But that leaves a very big chunk of readers who prefer paper. Moreover, there’s an unsurprising hint that more people join the ink-and-paper crowd when articles are long and comprehensive, like many in Current. Print is still a better medium for reading things you can’t gulp down between e-mails.
Whether print or screen, respondents said in individual comments that the best platform depends on what, when and where they’re reading — print for stories with depth; online for search or immediacy. Print while they’re having lunch or riding a train; online while sitting at their computers.
For some the preference for depth even extends into the area of reader comments.
“I like the immediacy of the Web and RSS,” one reader wrote, “but I value print for the attention it demands.”
Let me also acknowledge what you probably know from recent coverage of daily newspapers’ plight. The attention given to a convenient package of information on paper makes the print edition more economically sustainable than the online-only alternative, even with the costs of postage and printing.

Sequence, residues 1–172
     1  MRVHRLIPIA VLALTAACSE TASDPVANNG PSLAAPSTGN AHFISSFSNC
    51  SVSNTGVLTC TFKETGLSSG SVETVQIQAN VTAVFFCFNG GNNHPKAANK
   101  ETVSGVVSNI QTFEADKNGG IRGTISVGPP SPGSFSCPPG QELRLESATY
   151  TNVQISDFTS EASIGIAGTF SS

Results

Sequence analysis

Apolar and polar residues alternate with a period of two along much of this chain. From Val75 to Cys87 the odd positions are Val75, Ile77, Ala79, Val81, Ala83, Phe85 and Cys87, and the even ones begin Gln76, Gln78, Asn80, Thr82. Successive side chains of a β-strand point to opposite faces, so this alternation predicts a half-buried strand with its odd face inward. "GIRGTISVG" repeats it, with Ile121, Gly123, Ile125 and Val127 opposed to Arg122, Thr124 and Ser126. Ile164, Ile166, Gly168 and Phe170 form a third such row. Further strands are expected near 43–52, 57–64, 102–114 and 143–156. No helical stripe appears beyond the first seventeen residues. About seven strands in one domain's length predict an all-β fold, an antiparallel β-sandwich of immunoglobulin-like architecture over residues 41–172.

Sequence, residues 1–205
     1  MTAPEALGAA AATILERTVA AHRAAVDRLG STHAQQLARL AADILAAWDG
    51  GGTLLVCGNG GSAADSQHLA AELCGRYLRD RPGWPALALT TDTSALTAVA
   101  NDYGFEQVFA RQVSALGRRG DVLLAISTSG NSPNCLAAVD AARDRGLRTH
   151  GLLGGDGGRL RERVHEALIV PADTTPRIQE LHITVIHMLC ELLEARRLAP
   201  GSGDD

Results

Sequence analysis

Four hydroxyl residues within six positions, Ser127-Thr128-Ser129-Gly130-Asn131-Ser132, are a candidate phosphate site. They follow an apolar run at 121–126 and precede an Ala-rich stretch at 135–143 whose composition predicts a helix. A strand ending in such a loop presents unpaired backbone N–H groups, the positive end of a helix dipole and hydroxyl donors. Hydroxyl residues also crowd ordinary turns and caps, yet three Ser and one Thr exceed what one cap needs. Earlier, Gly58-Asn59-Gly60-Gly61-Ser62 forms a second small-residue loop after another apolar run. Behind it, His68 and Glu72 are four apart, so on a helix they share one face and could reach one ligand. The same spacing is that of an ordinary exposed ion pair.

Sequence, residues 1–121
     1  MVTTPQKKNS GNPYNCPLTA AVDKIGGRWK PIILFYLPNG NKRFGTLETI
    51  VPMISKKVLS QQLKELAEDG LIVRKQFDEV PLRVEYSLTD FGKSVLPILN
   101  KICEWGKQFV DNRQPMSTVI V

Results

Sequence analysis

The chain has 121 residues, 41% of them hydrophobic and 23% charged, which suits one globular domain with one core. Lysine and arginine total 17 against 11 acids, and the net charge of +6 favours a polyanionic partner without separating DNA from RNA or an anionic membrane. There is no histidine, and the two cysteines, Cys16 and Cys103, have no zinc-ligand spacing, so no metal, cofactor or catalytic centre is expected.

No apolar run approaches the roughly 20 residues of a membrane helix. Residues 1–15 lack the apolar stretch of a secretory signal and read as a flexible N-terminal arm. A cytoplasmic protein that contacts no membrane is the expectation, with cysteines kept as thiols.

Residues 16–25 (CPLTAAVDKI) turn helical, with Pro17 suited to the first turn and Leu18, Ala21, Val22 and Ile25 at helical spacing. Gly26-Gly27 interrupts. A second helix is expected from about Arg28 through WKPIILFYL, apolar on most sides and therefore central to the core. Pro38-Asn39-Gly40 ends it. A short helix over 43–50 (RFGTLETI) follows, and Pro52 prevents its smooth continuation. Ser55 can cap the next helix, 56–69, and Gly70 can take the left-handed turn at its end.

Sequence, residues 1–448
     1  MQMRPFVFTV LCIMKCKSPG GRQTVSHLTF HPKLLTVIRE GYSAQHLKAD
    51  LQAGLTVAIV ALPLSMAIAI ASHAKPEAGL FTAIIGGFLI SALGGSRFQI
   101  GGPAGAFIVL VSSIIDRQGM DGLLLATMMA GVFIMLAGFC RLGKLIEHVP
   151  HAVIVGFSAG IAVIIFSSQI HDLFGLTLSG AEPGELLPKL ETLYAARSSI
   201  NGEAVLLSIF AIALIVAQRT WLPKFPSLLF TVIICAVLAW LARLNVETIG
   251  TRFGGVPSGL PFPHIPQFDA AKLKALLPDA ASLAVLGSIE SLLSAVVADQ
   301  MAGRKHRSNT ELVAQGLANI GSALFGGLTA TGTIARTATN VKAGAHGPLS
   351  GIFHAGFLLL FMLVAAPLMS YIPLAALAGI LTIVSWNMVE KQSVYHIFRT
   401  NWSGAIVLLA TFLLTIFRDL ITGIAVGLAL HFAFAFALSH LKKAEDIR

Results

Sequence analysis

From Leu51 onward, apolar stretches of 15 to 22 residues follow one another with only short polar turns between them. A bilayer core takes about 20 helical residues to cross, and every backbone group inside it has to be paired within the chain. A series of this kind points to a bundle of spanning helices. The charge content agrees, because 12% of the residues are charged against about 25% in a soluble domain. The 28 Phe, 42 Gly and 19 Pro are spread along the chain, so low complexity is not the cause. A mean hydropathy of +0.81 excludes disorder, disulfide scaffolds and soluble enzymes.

Go get ’em tiger, you wimp
We asked respondents to write in their specific comments, which were the most interesting to us, and often the most challenging.
First, the uncomfortable stuff: In the write-ins, there was a persistent streak of impatience and discontent, not only with Current but also with the status quo in parts of public media that we don’t cover as vigorously as they’d like.
These readers want a less “timid” tone, less “cheerleading,” “much stronger adversarial . . . reporting on funding, management and programming,” “more original smart analysis” and “critical examination” of official announcements.
Some comments reflect a disillusion that many journalists share: “Often, the public relations ‘spin’ on some of the hottest topics and projects far exceeds the actual success and execution,” one reader wrote. While some successes are true and unheralded, others are “vapor.”
These folks set high standards of expectation that we’d like to meet more often. “Current just jumps on the national organizations/consultants bandwagon without doing any real reporting to find out what is really happening /working/ worth doing,” one respondent writes. Ouch.
It’s time now for “on the other hand,” I think.
There were readers who said they enjoy Current and even love their perception that it hasn’t changed much. Someone comments: “Current does a great job of balancing news between networks and member stations.”